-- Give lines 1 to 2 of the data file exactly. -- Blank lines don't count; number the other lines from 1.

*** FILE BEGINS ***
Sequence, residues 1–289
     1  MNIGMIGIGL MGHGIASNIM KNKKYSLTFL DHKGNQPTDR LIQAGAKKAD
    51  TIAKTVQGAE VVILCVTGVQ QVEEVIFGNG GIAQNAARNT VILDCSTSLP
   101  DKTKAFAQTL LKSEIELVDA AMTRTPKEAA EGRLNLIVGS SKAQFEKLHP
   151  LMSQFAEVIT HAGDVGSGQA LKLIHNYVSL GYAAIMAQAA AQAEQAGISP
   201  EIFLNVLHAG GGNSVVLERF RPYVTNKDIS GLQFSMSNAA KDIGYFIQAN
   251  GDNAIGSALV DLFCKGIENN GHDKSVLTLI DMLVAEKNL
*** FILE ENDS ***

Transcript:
Sequence, residues 1–289
     1  MNIGMIGIGL MGHGIASNIM KNKKYSLTFL DHKGNQPTDR LIQAGAKKAD